Let me return to yesterday's "karma of the road" theme: there is a world of difference between tourists and pilgrims. This isn't an original distinction, to be sure. Phil Cousineau has been mining this vein since 1988. Parker Palmer, Pico Iyer and Jim Forrest have also penned valuable insights on this subject. And the best-selling Eat, Pray and Love by Elizabeth Gilbert wanders along this road, too. Having experienced both, however, we have clear chosen to travel as pilgrims.
In 1983 I traveled to the former Soviet Union as part of a study tour of US peace-makers. On many levels, it was a life-changing experience. And I will be forever grateful to the organizers, my local church, and my family for the privilege of participating. We spent time in Finland, Sweden, Russia, Ukraine, Poland, GDR and Denmark. Over the next decade I returned to the USSR three more times including two large tours I facilitated. Each encounter was holy ground in different ways for me and my understanding of the world was changed forever. But I will never lead another tour again nor participate in one - and here's why.
Americans in a group become obnoxious and demanding no matter how deeply committed we are to peace-making. When checking into our Russian hotels, too many of our crew resorted to shouting at the clerks when there was a language barrier. In Marshall Law Poland, where food rationing was the rule of the day, grown adults carried on like spoiled children when they were denied a second cup of coffee. Our crowd was too loud in public, too self-absorbed to notice, and too privileged to care. I've been on mission trips where those of us accustomed to our own comfortable beds carped constantly about having to sleep on lumpy cots for a few nights. Or refused to go on side trips after hours to see a town's night life. The ugly American syndrome put me off traveling as a tourist big time.
So did the structured pace of the tours. I understand that there are mechanical necessitates to moving 50 people from point A to point B. Such realities require careful attention to time. Still, over and again, most of our departures were delayed by people who believed the rules didn't apply to them. They went off shopping 20 minutes before the bus was to leave without telling anyone. The same disrespect born of privilege was in effect in moving the luggage of our ensemble. By luck of the draw, I was assigned to moving baggage on and off various trains. It was explicitly stated in our pre-instructions that all luggage needed to be modest in size and able to be managed by its owners. But time and again, our peace-makers violated this simple courtesy by bringing HUGE and HEAVY Samsonite bags that they couldn't even move by themselves when empty.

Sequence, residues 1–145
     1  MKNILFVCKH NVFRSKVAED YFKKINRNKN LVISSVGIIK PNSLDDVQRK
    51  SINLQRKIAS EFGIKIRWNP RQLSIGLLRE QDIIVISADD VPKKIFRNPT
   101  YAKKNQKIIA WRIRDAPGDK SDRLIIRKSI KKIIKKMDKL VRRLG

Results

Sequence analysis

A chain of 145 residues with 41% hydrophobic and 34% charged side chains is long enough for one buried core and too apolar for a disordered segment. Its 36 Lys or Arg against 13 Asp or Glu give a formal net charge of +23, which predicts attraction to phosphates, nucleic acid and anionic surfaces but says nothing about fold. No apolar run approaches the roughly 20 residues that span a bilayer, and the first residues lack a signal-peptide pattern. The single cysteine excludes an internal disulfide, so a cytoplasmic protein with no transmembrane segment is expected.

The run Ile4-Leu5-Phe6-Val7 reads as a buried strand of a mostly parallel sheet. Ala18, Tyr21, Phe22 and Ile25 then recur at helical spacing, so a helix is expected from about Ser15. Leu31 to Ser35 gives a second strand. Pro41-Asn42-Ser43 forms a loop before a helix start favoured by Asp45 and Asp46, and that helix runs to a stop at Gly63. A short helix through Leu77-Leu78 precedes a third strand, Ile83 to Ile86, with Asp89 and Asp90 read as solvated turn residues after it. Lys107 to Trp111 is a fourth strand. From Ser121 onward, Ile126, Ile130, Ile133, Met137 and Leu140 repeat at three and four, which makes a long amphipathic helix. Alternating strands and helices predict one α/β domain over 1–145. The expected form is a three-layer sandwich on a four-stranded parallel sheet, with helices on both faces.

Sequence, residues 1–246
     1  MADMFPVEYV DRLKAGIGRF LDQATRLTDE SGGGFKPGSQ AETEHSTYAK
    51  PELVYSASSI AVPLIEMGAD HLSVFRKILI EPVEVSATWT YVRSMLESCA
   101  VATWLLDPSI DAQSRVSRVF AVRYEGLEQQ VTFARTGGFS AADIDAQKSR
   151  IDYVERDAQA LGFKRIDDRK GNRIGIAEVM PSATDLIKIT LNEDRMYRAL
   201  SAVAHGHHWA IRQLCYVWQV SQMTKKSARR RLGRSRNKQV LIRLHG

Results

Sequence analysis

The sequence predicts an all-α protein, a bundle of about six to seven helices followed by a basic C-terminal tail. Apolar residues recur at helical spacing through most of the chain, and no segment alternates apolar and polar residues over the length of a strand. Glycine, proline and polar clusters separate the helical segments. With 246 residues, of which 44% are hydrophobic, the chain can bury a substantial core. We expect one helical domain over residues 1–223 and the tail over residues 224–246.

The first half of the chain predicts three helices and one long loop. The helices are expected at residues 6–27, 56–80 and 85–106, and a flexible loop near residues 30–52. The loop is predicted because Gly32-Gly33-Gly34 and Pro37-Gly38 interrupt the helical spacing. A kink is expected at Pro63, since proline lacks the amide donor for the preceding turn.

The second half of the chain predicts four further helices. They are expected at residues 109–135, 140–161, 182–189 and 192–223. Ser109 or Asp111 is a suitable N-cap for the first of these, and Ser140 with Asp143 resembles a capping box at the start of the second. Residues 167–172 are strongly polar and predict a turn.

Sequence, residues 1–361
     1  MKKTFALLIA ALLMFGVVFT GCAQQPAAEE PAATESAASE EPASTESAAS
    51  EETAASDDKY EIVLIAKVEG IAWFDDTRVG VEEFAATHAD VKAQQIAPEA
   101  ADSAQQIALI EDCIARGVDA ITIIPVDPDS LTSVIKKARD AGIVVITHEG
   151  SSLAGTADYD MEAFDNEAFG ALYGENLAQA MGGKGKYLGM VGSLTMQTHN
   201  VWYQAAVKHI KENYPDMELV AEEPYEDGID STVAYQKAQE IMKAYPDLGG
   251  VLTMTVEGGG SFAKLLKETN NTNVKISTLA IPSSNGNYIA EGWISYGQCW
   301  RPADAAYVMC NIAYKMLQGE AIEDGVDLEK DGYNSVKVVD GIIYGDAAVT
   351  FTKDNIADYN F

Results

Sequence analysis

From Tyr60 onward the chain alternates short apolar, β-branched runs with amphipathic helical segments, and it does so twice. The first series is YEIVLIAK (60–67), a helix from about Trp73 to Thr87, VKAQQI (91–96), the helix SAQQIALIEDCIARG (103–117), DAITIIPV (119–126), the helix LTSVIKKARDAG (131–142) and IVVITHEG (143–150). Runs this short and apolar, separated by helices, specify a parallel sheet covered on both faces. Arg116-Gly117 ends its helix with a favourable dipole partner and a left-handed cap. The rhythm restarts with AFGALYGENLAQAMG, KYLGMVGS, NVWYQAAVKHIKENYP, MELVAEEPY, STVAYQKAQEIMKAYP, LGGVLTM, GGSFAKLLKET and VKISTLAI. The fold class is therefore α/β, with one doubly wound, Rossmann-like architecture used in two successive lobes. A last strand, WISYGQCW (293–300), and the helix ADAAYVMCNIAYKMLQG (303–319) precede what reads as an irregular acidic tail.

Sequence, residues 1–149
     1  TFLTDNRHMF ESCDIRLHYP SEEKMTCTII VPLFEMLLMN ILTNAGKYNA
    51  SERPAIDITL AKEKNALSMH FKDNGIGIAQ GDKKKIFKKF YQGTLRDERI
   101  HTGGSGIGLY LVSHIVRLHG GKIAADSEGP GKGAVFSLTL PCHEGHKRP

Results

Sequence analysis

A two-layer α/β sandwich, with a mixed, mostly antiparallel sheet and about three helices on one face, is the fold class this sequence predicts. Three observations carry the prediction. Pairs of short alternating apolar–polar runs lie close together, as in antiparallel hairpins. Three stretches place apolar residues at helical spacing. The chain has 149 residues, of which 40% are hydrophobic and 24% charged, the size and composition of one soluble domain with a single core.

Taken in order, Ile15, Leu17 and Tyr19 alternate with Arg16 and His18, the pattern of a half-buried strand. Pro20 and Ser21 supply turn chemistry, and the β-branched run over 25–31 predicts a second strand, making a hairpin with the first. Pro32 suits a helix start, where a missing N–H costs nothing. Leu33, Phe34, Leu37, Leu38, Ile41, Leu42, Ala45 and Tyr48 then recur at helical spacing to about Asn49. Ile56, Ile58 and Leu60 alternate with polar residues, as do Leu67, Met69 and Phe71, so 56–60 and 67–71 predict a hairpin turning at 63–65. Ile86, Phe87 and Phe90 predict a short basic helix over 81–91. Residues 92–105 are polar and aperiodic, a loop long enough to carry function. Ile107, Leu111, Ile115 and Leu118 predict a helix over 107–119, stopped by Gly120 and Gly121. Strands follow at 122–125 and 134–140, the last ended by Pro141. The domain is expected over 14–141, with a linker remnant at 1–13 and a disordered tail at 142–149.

I still had a blast and learned a ton on each trip. On our mission trips, too. But collectively they showed me I when I travel I want to do so as a pilgrim rather than a tourist. The biggest difference between tourists and pilgrims is soul. I am not making a moral judgment here as I understand soul simply to be an inner yearning to go deeper. Some among us love the fast pace of cruises zipping from port to port each night so that the morning can be filled with new locales, adventures and shopping. I know and love people who can't wait for the buzz of resorts. The thrill of Disney World-ish/Club Med-like excursions offering a myriad of luxuries and fantasies brings them unimaginable delight. These good souls include introverts and extroverts, Republicans and Democrats, women and men, young and old, gay, straight and bi. Tourism provides a hassle-free break from the ordinary. It is a safe, clean and standardized way to be cared for by others for a spell. And, I suspect that for some who live in one of the various pressure cookers of our culture, tourism provides a respite from the bottom line.